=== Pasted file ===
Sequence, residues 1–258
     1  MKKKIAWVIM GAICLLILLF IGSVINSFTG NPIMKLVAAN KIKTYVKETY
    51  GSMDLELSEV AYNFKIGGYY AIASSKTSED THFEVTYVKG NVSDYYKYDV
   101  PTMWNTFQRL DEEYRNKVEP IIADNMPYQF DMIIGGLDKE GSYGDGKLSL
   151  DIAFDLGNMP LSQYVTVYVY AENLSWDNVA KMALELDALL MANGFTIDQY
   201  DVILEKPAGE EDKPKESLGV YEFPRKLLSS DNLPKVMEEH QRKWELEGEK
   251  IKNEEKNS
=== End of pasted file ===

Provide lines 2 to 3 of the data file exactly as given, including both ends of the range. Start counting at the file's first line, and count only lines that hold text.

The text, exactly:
     1  MKKKIAWVIM GAICLLILLF IGSVINSFTG NPIMKLVAAN KIKTYVKETY
    51  GSMDLELSEV AYNFKIGGYY AIASSKTSED THFEVTYVKG NVSDYYKYDV